The practice of yoga is the practice of "being" with the reality of what is.  Regardless of whether the present moment is painful or pleasant, we focus our attention to what is happening in the now.  This may be difficult for us because when we stop and see our past choices, we may become aware of the unconsciousness that accompanies many of our daily activities.  For instance, have you ever sat down to see who has been on facebook, began playing Farmville, and realize two hours have passed by?  Perhaps you are driving to Target, your cell phone goes off, you begin talking to your spouse, and suddenly find yourself in a parking space at the store, but no recall of the actual drive there.  Maybe you start tossing the spoiled food in your fridge out, plastic packaging and all without a thought as to what could be recycled.  When we become aware of how much of our lives are lived on automatic pilot, we can make a change in our habits towards awareness of our choices and actions.  Through this awareness, we are able to make choices which are nonviolent towards others and the earth, which is the essence of change needed to bring healing to our earth.  As Margaret Mead stated, "never doubt that a small group of thoughtfully (conscious) committed citizens can change the world.  Indeed, it's the only thing that ever has."  So as committed citizens to protecting our earth for our children's children's children (bearing in mind the Native American Proverb, "We do not inherit the earth from our ancestors, we borrow it from our children."), we must bear witness to what is happening around us and throughout our planet.    It is important to work on diminishing our capacity for apathy, distraction, laxity of attention, hyperactivity, which all decrease our awareness of our choices and their effects on the world.  We must bring clarity to how we live each moment, enabling us to serve others and protect our earth.  When we realize our interrelatedness to all life on this earth, how the dying of marine life in the Pacific Garbage Patch is directly related to our choice of automatically using plastic bags at the grocery store rather than reusable ones, we may begin to chose a vitality and clarity of action, which will protect the earth.  As Wendell Berry tells us, "The care of the Earth is our most ancient and most worthy, and after all our most pleasing responsibility.  To cherish what remains of it and to foster its renewal is our only hope."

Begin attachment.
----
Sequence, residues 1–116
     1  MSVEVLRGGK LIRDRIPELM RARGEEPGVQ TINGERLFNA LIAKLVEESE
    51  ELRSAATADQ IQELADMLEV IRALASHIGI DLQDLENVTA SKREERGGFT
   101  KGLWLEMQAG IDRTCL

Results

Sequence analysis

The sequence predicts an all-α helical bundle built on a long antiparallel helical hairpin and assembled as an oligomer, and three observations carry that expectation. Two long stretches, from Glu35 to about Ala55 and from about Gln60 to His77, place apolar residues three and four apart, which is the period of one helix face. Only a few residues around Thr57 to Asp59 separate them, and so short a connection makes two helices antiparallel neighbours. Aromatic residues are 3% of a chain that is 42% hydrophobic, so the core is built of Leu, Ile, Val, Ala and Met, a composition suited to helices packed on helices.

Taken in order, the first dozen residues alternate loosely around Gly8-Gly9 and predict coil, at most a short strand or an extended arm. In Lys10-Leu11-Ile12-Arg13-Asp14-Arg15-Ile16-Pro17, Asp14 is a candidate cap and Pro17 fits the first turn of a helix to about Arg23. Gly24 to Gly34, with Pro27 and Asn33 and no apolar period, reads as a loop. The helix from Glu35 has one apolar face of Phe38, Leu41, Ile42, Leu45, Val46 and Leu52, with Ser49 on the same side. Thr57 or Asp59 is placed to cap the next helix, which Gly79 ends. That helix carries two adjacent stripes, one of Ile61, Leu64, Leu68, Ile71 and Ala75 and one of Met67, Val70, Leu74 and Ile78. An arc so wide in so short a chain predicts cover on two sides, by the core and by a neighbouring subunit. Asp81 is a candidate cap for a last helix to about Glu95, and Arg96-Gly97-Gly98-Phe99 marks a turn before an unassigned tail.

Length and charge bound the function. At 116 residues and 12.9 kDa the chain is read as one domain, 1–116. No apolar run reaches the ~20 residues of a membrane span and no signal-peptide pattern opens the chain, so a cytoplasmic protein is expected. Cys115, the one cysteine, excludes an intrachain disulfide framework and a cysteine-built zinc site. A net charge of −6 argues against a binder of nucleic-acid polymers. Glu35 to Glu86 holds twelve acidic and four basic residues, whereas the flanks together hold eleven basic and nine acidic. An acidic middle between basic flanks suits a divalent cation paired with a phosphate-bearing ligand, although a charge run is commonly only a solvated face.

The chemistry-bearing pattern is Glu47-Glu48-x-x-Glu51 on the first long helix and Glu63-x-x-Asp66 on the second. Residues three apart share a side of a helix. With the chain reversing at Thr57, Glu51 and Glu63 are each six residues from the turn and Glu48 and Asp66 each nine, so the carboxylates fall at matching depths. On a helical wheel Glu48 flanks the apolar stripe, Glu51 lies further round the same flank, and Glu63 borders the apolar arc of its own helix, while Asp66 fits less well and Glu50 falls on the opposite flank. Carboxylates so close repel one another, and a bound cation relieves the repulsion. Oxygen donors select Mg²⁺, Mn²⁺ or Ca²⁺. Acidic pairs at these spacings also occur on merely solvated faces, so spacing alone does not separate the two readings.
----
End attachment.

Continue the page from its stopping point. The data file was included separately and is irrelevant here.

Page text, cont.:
With hope that I can begin to make a more conscious choice in what I use and how I use it and how I ultimately dispose of it, I take a step towards living each moment in awareness, which ultimately will bring healing to our planet.